Campaign: Stugeron - Be Prepared
PR team: Spink Consumer Relations
Timescale: April-August 2004
Children's potential for sudden vomiting in the confines of a car in motion is well known - especially to parents. Pharmaceutical manufacturer McNeil tasked Spink Consumer Relations with creating awareness of its established OTC travel sickness prevention product, Stugeron 15. It lasts for up to eight hours and is suitable for kids as young as five. Objectives
To drive sales by raising the profile of Stugeron 15 as a long-lasting travel sickness remedy for the whole family. To create awareness of the importance of preventative treatment.
Strategy and Plan
Since it did not have the obvious angle of a new product to plug, the PR team identified that travel sickness has a significant impact on the enjoyment of family journeys and that consumers were complacent about taking action to prevent it. It set about positioning Stugeron 15 as the means to avoid a dismal family holiday.
The team decided to link the issue to road safety. In conjunction with the RAC, Spink commissioned consumer research suggesting travel sickness is a hazard on the roads: three quarters of travellers claimed a family member had suffered, with a quarter of drivers saying they had been distracted by a sick passenger.
Results were presented by an RAC spokesperson and an ear, nose and throat specialist from Southampton University at two media roundtable meetings at the RAC Club in London. These were timed to take place just before the May Bank Holiday last year, a popular period for family holidays.
National and regional press and women's and parenting magazines were targeted with research results, expert quotes and the campaign message - 'Be prepared to maximise the experience of travelling' - in a bid to reach families. There was also a health education campaign with the tagline 'Be prepared - preventing hazardous journeys', which involved one-to-one media presentations with nationals, parenting and women's magazines, as well as trade journalists. A case study campaign was aimed at all weekly women's titles. A regional media campaign, 'Put the fun back into family trips', included a competition.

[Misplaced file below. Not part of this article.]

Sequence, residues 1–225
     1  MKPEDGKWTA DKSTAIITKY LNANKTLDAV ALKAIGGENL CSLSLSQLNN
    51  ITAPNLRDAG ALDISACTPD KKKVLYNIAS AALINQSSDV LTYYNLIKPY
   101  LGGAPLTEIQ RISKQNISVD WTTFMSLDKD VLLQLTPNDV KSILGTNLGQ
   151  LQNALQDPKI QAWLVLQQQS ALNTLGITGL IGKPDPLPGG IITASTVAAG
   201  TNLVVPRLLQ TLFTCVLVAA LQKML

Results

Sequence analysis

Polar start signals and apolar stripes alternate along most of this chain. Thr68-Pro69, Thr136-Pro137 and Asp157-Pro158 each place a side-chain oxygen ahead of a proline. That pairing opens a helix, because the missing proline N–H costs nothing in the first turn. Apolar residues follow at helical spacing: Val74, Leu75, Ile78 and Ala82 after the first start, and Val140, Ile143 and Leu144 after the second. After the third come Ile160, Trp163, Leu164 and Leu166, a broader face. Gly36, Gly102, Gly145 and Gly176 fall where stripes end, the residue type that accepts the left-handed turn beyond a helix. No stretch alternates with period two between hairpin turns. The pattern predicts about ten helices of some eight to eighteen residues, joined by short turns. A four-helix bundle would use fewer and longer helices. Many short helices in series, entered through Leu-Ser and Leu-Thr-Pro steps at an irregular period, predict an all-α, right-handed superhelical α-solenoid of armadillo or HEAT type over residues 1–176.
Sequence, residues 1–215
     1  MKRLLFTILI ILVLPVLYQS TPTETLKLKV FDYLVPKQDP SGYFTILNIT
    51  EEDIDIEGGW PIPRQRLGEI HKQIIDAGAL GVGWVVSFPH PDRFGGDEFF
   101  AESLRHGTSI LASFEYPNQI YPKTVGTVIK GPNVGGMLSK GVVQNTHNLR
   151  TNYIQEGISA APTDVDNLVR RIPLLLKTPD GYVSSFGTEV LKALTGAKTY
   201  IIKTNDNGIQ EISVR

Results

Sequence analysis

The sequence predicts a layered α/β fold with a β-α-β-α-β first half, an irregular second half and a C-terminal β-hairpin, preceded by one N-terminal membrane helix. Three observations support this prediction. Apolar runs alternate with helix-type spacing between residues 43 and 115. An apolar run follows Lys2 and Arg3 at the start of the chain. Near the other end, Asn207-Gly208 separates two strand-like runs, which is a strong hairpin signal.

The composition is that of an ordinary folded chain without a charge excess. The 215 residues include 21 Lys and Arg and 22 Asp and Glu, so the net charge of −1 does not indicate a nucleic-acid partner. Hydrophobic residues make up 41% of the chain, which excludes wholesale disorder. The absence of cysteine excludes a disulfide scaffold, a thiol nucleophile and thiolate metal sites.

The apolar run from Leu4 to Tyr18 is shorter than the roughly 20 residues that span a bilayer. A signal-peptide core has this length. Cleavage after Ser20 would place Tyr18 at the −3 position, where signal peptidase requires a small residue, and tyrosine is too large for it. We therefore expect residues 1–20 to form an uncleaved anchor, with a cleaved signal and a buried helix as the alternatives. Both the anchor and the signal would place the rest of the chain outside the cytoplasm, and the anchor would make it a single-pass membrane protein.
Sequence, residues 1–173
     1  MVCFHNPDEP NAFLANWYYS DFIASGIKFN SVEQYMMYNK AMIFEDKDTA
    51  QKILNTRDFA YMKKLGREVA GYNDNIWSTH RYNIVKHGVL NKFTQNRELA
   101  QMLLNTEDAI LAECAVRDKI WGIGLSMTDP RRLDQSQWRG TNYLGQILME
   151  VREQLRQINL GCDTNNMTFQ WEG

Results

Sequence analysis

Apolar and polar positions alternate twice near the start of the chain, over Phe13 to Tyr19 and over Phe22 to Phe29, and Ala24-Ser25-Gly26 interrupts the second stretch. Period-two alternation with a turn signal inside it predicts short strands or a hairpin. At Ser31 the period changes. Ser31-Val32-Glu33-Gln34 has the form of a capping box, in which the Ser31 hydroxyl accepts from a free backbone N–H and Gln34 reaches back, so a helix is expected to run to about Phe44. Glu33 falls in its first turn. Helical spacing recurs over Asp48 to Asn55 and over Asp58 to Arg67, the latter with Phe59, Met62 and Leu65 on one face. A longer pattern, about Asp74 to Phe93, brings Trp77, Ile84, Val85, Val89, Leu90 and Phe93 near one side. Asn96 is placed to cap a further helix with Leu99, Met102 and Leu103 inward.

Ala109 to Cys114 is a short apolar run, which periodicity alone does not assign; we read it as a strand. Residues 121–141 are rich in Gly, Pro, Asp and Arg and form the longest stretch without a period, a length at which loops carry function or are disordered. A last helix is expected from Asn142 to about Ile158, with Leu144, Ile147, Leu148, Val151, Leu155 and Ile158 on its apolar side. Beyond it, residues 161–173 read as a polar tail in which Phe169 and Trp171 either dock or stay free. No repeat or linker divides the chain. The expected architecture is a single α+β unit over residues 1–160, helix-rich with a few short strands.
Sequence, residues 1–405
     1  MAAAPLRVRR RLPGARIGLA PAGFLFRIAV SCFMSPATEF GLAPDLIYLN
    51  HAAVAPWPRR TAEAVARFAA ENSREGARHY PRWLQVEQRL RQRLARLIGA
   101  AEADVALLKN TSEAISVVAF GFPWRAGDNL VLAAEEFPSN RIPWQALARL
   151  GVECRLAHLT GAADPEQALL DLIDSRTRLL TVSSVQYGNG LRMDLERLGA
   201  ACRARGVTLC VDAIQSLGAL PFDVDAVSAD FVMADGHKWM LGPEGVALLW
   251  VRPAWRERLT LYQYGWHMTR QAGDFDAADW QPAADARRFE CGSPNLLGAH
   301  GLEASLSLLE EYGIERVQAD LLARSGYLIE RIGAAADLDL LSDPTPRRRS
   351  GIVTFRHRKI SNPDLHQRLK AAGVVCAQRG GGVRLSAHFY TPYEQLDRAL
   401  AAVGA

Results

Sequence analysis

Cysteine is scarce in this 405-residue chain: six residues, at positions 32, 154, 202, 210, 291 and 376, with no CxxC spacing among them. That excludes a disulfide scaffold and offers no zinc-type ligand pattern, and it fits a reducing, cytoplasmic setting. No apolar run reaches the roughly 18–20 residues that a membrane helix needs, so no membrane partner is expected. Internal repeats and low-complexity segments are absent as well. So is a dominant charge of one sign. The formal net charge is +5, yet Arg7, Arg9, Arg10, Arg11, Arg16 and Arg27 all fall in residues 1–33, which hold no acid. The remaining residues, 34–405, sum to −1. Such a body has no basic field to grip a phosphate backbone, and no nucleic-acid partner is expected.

The team also targeted trade media, such as Chemist & Druggist, with the clinical benefits of Stugeron, such as its long-lasting action to stop nausea and reduce sensitivity to motion.
Measurement and Evaluation
Coverage included The Times, News of the World, Take a Break, Woman's Own and a case study feature in Bella. Over the May Bank Holiday, 44 regional titles ran the competition, with branded mentions and message uptake through editorial reinforced with photography of the product.
Spink used EPOS sales data from the client to show the PR campaign resulted in an increase in average monthly sales of Stugeron 15 over the campaign period and a five per cent increase in the value of sales over the previous year.
Despite the coverage achieved, not all journalists attending the event were able to use the information.
Freelance Jane Feinmann, who writes regularly for women's magazines and national papers on health issues, says: 'It was a very clever idea but it didn't work for me because they didn't actually have any statistics showing that road accidents happen because a child is throwing up in the back of a car.'